• 90-100: Student substantially exceeds what the examiner could have expected to produce an exceptional piece of work. Translation - don't even bother thinking about it. There is probably a joke somewhere about 100 meaning perfect, but only god is perfect, and since god isn't a student at the uni, no one will ever get 100.

It is possible to get above an 80 on an individual piece of work, indeed, there will probably be one or two 85 on our all-student courses (around 100-150 students) every year. I can think of two grades of 90 that I have given in my 8 years marking undergrad and taught-postgrad work. Both for coursework where an undergrad student went above and beyond to produce work that was more or less worthy of publication.

One way to think of it might be that relationship between quality of work and grade is logistic: with increased quality, the grade asymptotically approaches 100, but never actually gets there.

A couple of other points:

  • the range of grades given is something repeatedly brought up by external examiners, and an exhortation to "use the full range of marks available" is something I've seen on every external examiners report.
  • Your department might be reluctant to show you a piece of work with an 80+ grade, because they don't want you using it as a template. At least part of getting a good grade is about being original, and not following a template.
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    Based on the last transcripts I've seen, even the Cambridge undergrad Maths Tripos have bowed to the inevitable and now scale the "merit mark" (i.e. alpha/beta based) formula to a "transcript mark" with 40/50/60/70 boundaries using linear interpolation. Note that a Cantabrian alpha corresponds to 15+ out of 20 on a long form question, so is, at least theoretically a mark of "mostly correct".
    – origimbo
    Dec 15, 2022 at 16:15

In short, it's not impossible. The proof being that I averaged around 83% in my time at a UK university doing an electronics engineering degree.

In long, it does depend somewhat on the subject matter. If your exams consist of right or wrong answers, like in maths, then getting 100% is a simple matter of doing the calculations/proofs correctly. If your exams are more analytical/essay/project base, then it's a lot harder. I had a mixture of both, but I actually tended to do better in the longer-form stuff than the right/wrong stuff, but I'm somewhat of an anomaly there.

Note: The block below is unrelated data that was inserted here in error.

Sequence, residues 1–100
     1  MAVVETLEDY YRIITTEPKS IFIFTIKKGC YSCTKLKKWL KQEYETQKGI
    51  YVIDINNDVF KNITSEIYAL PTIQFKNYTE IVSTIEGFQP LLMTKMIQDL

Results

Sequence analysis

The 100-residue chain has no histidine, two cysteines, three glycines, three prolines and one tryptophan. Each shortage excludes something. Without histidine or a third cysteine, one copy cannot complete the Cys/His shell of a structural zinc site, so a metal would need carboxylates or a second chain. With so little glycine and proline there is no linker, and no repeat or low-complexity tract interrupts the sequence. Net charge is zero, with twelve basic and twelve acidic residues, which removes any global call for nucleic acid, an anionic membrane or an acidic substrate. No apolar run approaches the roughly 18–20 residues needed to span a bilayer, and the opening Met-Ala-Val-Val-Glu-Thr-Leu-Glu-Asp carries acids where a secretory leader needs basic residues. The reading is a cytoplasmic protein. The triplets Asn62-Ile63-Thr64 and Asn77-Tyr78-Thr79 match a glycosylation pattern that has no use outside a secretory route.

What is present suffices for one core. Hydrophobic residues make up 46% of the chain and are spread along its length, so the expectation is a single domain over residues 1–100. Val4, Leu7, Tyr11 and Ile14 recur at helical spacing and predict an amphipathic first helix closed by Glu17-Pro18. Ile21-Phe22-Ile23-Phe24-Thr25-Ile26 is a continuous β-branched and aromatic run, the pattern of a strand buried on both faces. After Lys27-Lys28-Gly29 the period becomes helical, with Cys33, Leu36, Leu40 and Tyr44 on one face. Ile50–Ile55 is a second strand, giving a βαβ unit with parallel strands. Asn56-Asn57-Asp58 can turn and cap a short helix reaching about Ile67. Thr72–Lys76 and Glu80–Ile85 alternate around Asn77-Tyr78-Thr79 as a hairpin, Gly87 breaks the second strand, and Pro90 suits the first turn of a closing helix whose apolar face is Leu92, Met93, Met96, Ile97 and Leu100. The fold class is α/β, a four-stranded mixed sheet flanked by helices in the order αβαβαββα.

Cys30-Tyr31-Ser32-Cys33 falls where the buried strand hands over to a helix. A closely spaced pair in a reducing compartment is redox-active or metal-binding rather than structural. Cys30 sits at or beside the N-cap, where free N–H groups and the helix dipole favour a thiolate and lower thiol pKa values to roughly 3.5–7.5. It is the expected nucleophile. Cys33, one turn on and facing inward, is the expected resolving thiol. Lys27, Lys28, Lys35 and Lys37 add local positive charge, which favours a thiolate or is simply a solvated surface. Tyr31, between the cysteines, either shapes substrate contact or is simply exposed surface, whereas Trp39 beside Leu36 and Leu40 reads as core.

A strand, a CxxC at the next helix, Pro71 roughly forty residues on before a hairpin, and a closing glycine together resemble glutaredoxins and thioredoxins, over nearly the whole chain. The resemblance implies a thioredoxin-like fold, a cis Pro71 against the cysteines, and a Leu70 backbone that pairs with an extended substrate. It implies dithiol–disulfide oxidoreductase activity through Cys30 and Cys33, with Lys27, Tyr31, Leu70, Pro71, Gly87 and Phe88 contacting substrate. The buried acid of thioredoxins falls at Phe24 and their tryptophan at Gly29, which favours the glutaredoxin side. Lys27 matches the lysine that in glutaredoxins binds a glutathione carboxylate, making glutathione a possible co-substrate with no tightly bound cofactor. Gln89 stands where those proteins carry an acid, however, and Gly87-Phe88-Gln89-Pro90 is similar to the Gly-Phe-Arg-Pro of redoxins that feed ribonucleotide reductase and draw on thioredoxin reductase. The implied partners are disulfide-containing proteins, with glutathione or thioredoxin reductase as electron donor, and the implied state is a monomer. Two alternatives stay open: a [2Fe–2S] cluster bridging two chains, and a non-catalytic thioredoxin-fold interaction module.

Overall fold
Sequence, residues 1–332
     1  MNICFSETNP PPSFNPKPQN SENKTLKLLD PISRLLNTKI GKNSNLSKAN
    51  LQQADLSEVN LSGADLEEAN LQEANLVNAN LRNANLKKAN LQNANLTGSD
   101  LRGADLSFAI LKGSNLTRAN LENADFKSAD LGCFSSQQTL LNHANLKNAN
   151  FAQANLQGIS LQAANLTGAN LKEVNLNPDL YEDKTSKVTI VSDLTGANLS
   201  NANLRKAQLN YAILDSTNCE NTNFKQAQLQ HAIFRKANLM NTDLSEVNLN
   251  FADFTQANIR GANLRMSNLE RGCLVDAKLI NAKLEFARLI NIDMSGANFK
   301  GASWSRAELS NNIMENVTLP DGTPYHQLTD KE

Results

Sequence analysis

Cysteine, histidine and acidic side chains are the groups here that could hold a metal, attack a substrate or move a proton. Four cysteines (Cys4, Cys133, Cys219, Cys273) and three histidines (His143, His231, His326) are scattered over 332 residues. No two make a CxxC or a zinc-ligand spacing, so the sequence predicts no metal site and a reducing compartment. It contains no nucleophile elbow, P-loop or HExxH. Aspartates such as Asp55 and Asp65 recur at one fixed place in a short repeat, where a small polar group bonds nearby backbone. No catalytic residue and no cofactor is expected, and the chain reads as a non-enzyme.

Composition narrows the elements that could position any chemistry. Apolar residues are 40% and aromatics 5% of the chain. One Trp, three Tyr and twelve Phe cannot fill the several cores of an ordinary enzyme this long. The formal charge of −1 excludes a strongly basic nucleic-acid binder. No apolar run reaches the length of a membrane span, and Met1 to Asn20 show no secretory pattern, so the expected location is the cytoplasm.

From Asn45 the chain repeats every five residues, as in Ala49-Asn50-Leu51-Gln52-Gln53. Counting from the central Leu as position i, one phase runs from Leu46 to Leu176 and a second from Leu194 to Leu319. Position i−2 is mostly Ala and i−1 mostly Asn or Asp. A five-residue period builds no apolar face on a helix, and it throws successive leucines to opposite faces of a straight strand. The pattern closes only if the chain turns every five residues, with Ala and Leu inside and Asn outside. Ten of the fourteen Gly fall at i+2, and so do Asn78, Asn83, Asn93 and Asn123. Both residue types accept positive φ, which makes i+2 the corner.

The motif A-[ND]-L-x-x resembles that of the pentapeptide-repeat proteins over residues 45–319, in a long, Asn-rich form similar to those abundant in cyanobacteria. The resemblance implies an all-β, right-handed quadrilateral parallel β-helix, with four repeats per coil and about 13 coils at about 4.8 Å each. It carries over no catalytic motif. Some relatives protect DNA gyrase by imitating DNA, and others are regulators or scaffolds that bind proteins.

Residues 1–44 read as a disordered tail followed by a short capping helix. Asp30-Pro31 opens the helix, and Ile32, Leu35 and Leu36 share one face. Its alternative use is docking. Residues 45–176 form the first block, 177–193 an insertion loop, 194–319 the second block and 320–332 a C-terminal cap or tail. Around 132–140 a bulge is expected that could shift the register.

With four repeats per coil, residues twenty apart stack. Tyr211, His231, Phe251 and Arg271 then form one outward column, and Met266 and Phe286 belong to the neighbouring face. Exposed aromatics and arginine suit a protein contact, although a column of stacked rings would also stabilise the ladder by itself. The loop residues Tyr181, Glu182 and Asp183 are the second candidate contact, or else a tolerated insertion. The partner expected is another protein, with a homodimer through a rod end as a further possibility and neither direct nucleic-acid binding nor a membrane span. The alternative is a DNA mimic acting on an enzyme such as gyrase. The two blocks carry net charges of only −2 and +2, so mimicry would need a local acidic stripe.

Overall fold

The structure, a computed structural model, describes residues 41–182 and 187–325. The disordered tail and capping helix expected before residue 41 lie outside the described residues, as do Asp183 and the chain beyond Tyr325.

As a general rule, anything that earns above 70-80% should be of a publishable standard (obviously it won't meet the requirements of novelty, but it should be of that standard of quality). This is an extremely high bar for an undergraduate, but it can be achieved. You just generally have to go above and beyond what's expected of you in the assignment.


It depends entirely on what university you go to (and when you go there, because these things change). It may depend on your subject too.

At the first university I went to, it was possible to get very high marks indeed (I saw a few marks awarded in the 90%s). However, marks over 80 were rare. A mark of 70% got the student the equivalent of first, or a distinction if the course was post-graduate.

At UCL, which I attended many years later, marks substantially above 70% were extremely rare, certainly in my subject. My supervisor, the head of department, advised me that you were effectively marked out of 72 on assignments (not quite so harsh in exams). For a distinction you needed 70%. You needed to do spectacularly well to get 71%. That's what was said. This should be taken with a pinch of salt, however, because they gave out a 73% mark on at least one occasion.


My perspective as someone who went to the University in the UK is that it depends on the nature of the course or exam.